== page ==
“He was there to look at (wide receiver) Daylon Charlot,” Smith said. “He had committed to Alabama. I met Coach Burns, and he said he had heard about me. He told me he would come see me in the spring.”
From the time Smith was a toddler in Phoenix, where the family had moved after Smith Sr.'s NFL career ended, it appeared basketball would be the sport for young Irv. Matamoros and Smith Sr. both say he was able to dribble with both hands.
“He was just a natural athlete,” Matamoros said. “When he was in elementary school, he played with Team Mike Bibby, and (former NBA point guard) Mike Bibby was the coach. He was 10 when he really began to shine.”
Matamoros and Smith Jr. moved back to New Orleans in time for him to enter eighth grade at Brother Martin. That is when he met Swilling; his brother, Bruce Jordan-Swilling; and a little guard, Lamont Berzat, who later transferred to Landry-Walker High and won state championships in basketball and football. They played AAU ball with Team Swilling and developed a close bond, and Smith and the Swillings formed the nucleus for Brother Martin's varsity basketball team.
Smith was one of its best players. Basketball also proved to be a good distraction of sorts.
“Usually, at the end of sophomore year, the beginning of junior year, that's when everyone starts getting their offers, going to camps,” he said. “I'd missed my sophomore year. I had a good junior year, but I didn't start getting offers until basketball season.
“I just wanted to work and just prove what I was capable of doing.”
Football spring training soon followed basketball season, and Burns came.
“He watched me practice every day,” Smith said. “One day, (Alabama) coach (Nick) Saban called and offered me a scholarship.”
Burns said he knew Smith wasn't a five-star recruit.
“New Orleans is one of my areas,” Burns said, “and just from the routine of talking to Brother Martin's coaches, I felt he was a guy who could fit the style of that position for us. He was a tight end that could play with his hand on the ground as well as he could line up at the line of scrimmage, which is kind of unique now. He was athletic enough to be a mover.”
Bonis said Smith had made an incredible jump from sophomore year to junior year and then another one from junior year to senior year.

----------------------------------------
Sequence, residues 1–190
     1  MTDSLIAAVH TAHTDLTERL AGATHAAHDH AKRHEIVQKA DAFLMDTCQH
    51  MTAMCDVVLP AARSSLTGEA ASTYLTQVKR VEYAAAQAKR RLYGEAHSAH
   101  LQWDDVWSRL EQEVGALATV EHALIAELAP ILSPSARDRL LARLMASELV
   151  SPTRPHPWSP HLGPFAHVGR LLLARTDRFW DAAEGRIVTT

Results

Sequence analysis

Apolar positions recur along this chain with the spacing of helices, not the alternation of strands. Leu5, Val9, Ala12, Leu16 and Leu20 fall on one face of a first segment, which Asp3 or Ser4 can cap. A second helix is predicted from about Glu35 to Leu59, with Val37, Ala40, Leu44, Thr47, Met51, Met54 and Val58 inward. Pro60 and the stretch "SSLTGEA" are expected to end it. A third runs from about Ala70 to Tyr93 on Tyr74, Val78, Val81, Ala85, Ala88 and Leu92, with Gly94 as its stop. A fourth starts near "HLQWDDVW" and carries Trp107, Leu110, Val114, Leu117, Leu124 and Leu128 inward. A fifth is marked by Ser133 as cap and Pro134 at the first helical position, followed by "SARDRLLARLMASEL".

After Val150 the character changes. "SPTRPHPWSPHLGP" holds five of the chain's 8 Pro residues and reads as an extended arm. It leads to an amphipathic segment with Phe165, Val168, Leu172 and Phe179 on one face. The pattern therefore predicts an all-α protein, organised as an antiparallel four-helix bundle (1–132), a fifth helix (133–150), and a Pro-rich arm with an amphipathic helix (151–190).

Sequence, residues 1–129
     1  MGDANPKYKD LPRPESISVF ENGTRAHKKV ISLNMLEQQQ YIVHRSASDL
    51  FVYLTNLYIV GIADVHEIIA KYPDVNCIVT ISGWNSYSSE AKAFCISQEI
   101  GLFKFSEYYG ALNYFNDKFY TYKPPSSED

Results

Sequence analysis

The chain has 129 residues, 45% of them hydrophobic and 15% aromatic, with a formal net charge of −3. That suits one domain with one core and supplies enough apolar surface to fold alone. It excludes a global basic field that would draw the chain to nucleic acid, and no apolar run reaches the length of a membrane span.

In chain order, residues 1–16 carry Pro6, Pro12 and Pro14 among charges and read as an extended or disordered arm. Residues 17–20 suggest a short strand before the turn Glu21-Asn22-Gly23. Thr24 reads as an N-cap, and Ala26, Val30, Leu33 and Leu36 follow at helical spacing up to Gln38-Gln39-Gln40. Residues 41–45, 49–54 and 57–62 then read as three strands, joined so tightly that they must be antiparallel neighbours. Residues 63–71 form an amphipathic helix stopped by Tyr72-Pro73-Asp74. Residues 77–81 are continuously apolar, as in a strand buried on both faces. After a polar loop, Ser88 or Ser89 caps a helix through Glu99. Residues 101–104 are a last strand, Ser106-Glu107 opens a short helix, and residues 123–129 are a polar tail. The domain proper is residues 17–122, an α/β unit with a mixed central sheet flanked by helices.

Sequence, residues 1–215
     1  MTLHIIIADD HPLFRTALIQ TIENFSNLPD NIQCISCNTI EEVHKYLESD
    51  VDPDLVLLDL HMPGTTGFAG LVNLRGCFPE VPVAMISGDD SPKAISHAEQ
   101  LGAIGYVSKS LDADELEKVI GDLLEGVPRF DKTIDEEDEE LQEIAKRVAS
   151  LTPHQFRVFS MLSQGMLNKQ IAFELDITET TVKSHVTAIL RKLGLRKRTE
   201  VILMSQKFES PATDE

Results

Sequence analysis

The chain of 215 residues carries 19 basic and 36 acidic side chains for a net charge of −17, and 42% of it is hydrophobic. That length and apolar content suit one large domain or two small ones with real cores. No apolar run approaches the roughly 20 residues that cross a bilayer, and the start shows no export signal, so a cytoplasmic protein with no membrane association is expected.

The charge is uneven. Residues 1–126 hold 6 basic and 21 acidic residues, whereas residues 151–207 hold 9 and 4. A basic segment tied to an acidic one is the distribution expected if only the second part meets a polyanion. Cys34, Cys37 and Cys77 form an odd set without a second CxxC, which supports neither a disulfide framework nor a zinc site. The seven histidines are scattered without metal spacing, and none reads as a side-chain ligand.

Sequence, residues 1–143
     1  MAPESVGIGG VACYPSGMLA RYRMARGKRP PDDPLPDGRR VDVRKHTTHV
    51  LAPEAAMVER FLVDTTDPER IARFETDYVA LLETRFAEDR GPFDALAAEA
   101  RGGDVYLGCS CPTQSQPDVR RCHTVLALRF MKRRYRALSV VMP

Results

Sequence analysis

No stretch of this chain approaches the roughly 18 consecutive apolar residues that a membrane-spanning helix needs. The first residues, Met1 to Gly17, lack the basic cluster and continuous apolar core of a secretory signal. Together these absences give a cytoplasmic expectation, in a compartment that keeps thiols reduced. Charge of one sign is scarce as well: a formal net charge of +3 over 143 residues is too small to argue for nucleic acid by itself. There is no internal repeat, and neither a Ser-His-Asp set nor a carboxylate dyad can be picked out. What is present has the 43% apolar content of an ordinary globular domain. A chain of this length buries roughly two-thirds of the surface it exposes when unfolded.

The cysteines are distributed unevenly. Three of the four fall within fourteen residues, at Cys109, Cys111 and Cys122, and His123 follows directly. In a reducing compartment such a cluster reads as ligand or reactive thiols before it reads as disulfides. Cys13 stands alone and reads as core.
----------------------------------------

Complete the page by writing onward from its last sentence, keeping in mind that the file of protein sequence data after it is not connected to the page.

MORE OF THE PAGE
“He came to practice every day with a purpose,” Bonis said. “He was a devastating blocker at the point of attack and an excellent receiver.”
As a senior, he caught 31 passes for 558 yards and four touchdowns.
“He made one play I'll never forget,” Swilling said. “We had a big game against John Curtis, and we were at about the 35 (yard line). He caught a pass, ran over one guy, broke another tackle, stiff-armed the next guy to the ground. A guy hit him at the 5, and he dragged him into the end zone.”
However, before his senior season, Smith had committed to Texas A&M on a visit there. He stayed in touch with Burns, he said, “because that's just what I wanted to do.” When Texas A&M's offensive coordinator left, Smith decommitted, opening the door for him to go to Alabama.
What followed was a standout season in football, in which he received honorable mention all-state, and in basketball, being selected all-district. He was chosen Brother Martin's Athlete of the Year.
“One of the things I miss about high school is playing basketball,” he said. “But basketball helped me in football. I go after the ball like it's a rebound, boxing out the defending and catching the ball at its highest peak.
“Football also helped me in basketball. I was very physical.”
Swilling remembers Smith getting in foul trouble a lot early on “because he charged into people.”
Swilling, who along with Jordan-Swilling plays at Georgia Tech, said Smith's work at Alabama his freshman year was evident.
“When I saw him (last) summer, Irv looked like a monster,” Swilling said. “Irv is (6-foot-4), 245 pounds, his chest is out, his shoulders are back, and his abs look ridiculous. We had a good weight program at Brother Martin but ...”